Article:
I once went to a strategy meeting where a certain YouTube ad of a well-known bottled water brand was shown as an example of successful marketing according to some Harvard Business Review article. The reason: The video had gotten more than a hundred thousand hits.
After the ad had played, I asked: “Okay, how many people here drink bottled water, show of hands?” In a roomful of about 20 people, almost everybody’s hand went up. “Now, how many of you are going to go out and buy this water after having seen this video?” Two hands went up.
Despite the small sample size, the point was that just because many people watched the video doesn’t necessarily mean they actually bought the product. So, if the esteemed HBR was measuring the effectiveness of a campaign to increase brand awareness, the metric based on number of views is valid. If the measurement of an effective marketing campaign is the extent to which it compels people to buy the product, views alone don’t tell the story.
Which brings me to ask this: Is your measurement strategy measuring the right things? And do your marketing people believe the measurements methodology tells the story correctly?
Demian Brink, Senior Consultant of Data and Ad Technology here at Brand Federation, has an amusing take on how measurement strategy can go wrong. You’ll find some insightful nuggets.
To summarize, here’s where measurement strategy can easily stray:
- Top Funnel Blindness: Focusing on the easily measurable metrics (e.g., clicks) at the expense of harder-to-measure metrics such as changes in brand perception that are better indicators of long-term success.
- Rearview Mirror Driving: While it’s useful to examine what you’ve done in the past — such as regression-based attribution models — that’s not likely to help inform accurate forecasting. If you’re starting a new campaign, toss the old metrics and start fresh with an approach that focuses on those that are more relevant.
- Not My Job-itis: “Hey, we came up with engaging content, don’t judge us by lousy sales results. It’s not our fault you didn’t (fill in the blank, e.g., price it competitively).” Look, if your engaging content isn’t actually engaging, then maybe it actually isn’t. Stop looking for excuses as to why the measurement doesn’t apply; instead, determine what the measurement tells you about how to make corrections.
- Don’t Ask Why: What happens is an important measurement. If site visits are going down, you need to do something. What that “something” is needs an explanation. If you don’t investigate why something is happening (the site isn’t getting high search rankings, so let’s take a look at our SEO strategy) and just react (let’s do an email blast to let customers know about the site so we get more hits), any short-term gains achieved are wiped out by long-term consequences.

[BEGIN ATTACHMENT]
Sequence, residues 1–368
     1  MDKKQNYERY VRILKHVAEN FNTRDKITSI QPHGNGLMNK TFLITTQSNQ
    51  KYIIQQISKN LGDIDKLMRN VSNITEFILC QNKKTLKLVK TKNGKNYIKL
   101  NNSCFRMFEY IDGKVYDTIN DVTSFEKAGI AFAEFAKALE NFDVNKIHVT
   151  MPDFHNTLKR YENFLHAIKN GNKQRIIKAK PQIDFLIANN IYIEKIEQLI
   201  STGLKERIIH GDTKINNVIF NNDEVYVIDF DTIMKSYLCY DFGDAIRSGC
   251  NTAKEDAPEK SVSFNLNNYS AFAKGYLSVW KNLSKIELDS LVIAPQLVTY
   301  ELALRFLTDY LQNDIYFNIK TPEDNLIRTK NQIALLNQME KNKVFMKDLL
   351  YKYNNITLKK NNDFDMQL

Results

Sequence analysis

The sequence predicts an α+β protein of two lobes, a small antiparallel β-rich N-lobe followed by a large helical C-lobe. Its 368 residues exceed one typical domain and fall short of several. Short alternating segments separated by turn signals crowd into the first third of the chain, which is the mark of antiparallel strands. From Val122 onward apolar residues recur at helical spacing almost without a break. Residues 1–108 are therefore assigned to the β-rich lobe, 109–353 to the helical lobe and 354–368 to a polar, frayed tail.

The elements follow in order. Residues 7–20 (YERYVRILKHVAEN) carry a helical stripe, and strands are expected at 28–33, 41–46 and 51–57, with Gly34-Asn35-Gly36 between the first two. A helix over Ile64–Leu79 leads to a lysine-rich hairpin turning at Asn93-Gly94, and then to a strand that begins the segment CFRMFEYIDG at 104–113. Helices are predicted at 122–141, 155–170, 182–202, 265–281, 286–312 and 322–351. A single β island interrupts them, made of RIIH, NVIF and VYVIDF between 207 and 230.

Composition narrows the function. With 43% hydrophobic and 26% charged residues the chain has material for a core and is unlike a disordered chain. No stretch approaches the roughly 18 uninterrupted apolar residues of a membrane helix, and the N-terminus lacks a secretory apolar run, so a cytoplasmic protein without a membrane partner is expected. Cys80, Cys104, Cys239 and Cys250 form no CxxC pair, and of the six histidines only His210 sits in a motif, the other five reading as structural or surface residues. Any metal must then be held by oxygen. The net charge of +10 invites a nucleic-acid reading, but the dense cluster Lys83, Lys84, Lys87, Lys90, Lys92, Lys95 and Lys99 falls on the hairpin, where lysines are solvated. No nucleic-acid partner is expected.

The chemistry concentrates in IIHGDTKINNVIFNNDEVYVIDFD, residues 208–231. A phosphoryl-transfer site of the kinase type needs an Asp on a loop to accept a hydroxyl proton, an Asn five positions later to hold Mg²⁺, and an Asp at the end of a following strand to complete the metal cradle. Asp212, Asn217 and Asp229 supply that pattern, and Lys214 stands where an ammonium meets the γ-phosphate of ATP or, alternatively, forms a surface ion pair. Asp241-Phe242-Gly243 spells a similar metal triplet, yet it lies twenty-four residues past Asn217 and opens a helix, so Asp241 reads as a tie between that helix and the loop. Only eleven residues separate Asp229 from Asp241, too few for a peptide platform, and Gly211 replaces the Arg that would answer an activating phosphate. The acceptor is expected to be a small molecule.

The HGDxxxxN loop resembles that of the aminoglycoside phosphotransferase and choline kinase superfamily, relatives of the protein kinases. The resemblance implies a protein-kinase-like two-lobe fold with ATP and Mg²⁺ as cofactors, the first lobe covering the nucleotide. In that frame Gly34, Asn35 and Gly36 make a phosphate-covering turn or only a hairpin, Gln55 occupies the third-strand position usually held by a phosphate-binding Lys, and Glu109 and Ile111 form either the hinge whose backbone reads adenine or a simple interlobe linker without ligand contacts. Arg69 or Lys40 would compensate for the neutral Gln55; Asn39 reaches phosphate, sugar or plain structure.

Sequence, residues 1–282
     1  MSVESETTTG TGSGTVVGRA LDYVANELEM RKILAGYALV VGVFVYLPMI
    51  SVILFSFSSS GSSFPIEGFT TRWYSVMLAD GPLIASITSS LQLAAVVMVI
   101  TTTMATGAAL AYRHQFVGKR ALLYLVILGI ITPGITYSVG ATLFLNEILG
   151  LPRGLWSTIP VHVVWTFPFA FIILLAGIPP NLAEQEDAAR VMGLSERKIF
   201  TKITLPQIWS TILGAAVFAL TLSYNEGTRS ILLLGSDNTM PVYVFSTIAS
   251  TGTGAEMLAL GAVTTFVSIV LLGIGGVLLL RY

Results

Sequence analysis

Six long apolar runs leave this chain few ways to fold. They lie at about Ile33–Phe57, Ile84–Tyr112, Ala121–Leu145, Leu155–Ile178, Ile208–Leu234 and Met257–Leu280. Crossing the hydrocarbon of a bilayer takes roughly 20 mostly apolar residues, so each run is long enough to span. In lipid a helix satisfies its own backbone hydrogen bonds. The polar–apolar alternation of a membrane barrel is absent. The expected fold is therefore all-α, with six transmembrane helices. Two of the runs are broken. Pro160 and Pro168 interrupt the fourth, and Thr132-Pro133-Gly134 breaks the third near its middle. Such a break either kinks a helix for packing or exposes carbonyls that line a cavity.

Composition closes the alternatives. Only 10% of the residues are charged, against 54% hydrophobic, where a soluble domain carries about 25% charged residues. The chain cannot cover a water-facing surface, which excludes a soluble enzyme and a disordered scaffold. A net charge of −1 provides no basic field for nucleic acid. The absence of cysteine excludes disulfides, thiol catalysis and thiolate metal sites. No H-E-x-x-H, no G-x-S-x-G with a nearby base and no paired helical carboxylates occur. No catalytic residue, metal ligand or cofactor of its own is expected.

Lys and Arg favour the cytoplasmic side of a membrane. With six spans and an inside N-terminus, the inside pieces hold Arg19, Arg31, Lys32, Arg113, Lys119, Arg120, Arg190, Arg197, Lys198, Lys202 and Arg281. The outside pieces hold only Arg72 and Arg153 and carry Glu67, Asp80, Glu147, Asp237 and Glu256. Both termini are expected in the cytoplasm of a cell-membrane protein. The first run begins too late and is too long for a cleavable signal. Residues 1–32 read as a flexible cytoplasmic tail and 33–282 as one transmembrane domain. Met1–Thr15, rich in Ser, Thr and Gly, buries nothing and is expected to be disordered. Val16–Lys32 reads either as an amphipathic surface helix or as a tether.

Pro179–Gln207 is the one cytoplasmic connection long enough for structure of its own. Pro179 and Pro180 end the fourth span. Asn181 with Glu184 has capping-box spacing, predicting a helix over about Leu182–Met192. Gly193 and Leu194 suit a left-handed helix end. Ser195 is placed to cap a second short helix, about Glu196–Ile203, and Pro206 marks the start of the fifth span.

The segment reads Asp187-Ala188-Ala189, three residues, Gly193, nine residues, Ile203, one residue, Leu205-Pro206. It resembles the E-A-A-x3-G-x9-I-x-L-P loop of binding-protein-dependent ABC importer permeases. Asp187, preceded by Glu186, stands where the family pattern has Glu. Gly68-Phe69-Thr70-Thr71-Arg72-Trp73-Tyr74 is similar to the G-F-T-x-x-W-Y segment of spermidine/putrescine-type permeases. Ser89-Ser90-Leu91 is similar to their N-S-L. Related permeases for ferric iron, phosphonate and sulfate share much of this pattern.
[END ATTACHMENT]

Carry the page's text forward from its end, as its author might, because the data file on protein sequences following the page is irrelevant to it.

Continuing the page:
So how do you avoid these traps? To begin with, as the Content Marketing Institute recommends, “Just because you can measure just about anything these days, doesn’t mean you should. Metrics can be all-consuming and confusing, so first, determine a few fundamentals you should focus on.”
A good outline includes:
- Determine the marketing campaigns objectives and how those objectives are best tracked in quantifiable and realistic terms, e.g., 15% sales increase over last quarter.
- Define the channels to measure, e.g., web, print, social media, email, paid ads.
- Define Key Performance Indicators (KPIs) for the appropriate channels, e.g., search engine referrals for web, number of mentions on Twitter for social media, etc.
- What combination of search tools to use, e.g., Google Analytics, Kissmetrics Funnel Reporting, RapidMiner data mining, predictive analysis, etc.
It’s not enough to present numbers for the sake of having numbers to present. All your measurements should support your overall business objectives and provide insights into how you can identify and improve performance gaps.
Moreover, as my colleague Demian emphasizes, the measurement strategy must:
- Take into account the customer journey from beginning to end, from discovery through research and shopping to purchase and continued usage.
- Explore why certain behavior occurs, as opposed to just reporting what behaviors occurred.
- Look at collected data from a variety of viewpoints, a combination of behavioral economics, network science and traditional marketing analytics.
- Recognize biases and assumptions.
Perhaps the latter is the most important. It’s easy to get wrapped up in your own preconceptions, particularly if those preconceptions have worked in the past, or (and this is perhaps even more dangerous) worked for others. Consider what your stakeholders think is worth measuring and adjust accordingly. To use his example, just because the data tells you the Poodle is the most popular dog, try selling that idea to a Great Dane owner!
Photo used with permission from Visual Hunt